Neuroscience tells us that 80% of our memory is negative, full of the bad things we have been through. Apparently the only good memories we have are of holidays and significant events such as marriage, child birth, and the like. Even then, the memories aren't as clear as any bad event that happened to us.
In simple terms, evolution wired our brains to remember bad things to alert us to danger, to keep us alive. Additionally, our brain exaggerated the negative so that we could clearly see the danger to fix it, catastrophisation is the term.
It's all about emotions and that damn amygdala. When the amygdala fires up with negative events there is a lot more thinking involved, our brain processes information more thoroughly in bad events than it does with positive events. It is this additional processing that makes it hard for us to forget negative events, they are burnt into our memory.
Additionally, when we go through a negative event, our physiology is significantly impacted. Our heart rate rises, our breathing becomes shallow, adrenaline and cortisol is released into our blood, our mouth becomes dry, our skin becomes clammy, we may even become cold and start shivering. And when we recall that negative event, we go through the same physiological reactions as we did at the time of the event, thus reinforcing the event.
Hence, PTSD can occur as we continue to remind ourselves of that bad event and we relive the same feelings.
When we have a positive event in our life, dopamine is released into your brain, and we all know that dopamine is a feel-good chemical. So, can we use good memories to overcome bad ones? Yes, but it's not that easy, you have to focus hard. We can use the positive reaction from happy memories to lessen and bury the negative memory.
Replacing a negative memory with a positive one takes time; the good news is that it can be done and is probably the best approach provided you have a strong positive memory. Each time you have a negative memory pop into your head, go to your happy memory to replace it. When you remember a happy memory you will get a hit of dopamine which will lift your mood.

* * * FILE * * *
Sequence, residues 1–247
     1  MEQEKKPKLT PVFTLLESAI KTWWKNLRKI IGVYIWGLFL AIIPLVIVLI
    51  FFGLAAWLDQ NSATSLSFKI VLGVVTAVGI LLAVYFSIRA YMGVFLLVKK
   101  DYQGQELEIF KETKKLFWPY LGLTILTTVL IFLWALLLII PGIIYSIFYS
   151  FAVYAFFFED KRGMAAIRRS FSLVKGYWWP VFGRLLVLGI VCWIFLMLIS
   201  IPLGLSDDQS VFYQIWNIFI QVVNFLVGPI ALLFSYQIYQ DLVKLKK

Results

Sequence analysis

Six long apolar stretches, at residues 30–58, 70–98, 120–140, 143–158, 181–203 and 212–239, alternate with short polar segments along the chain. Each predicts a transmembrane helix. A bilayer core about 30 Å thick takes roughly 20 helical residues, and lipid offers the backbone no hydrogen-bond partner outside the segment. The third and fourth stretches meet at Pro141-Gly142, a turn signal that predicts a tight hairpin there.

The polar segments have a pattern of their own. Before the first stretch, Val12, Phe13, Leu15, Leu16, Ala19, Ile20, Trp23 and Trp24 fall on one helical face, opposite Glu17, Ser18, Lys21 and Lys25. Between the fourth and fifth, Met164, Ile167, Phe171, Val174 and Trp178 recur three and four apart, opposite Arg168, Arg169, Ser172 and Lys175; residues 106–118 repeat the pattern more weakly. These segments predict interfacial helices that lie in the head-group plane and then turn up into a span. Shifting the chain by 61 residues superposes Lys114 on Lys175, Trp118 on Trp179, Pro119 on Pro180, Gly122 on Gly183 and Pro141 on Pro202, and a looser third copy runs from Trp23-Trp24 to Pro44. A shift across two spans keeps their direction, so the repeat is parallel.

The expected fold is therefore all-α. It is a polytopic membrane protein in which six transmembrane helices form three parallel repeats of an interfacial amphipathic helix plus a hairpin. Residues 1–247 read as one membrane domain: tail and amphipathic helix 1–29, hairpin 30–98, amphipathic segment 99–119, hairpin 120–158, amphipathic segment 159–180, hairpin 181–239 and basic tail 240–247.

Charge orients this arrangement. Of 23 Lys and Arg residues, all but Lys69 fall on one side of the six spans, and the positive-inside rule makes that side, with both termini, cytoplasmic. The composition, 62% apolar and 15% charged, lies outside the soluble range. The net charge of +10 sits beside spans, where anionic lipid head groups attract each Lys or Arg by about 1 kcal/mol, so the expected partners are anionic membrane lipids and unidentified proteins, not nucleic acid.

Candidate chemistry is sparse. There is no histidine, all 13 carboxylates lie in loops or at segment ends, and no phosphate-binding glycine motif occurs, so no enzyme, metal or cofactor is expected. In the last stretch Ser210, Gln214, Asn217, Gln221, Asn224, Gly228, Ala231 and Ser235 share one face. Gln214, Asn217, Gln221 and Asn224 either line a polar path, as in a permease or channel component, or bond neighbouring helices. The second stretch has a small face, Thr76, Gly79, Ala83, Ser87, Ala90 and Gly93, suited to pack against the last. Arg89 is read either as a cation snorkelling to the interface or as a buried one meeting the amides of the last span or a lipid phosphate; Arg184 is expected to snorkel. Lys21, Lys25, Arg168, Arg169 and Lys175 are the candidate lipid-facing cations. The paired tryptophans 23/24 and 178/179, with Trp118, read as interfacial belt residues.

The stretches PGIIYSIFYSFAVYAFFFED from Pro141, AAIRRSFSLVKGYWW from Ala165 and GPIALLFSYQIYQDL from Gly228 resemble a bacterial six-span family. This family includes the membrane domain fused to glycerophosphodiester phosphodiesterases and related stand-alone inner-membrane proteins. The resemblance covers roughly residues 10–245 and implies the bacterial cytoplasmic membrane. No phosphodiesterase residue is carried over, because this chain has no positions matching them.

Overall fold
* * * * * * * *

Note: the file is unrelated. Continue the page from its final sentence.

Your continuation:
There are some other techniques that you might want to try when wanting to bury bad memories;
- Psychotherapy works - I can personally vouch for psychotherapy, provided it is with a qualified professional, not a counsellor.
- Avoid your triggers - Write down what it was that sparked the bad memory each time it occurs. Once you know your trigger, avoid it as much as possible.
- Don't dwell on the negative - continually change your thoughts to break the neural pathway linked to the negative event.
- Meditation and mindfulness - enrol in a meditation or mindfulness course which will show you how to control your thoughts.
- Don't resist the feelings - For some people, forcing their thoughts doesn't work. Acknowledging the bad memory and feeling the feelings then letting the feelings go works better in the knowledge that the feelings aren't real.
- Look forward to good things - Looking forward to goods things coming up is one that I use. Be in the moment but look forward to things coming up that give you a buzz, that shot of dopamine.
It is important to remind ourselves that bad memories make us who we are today, they have shaped us. Bad memories can make the good times even better. Finally, from adversity can come opportunity. I have many friends who have made successful careers out of their adversity. Perhaps you could do the same?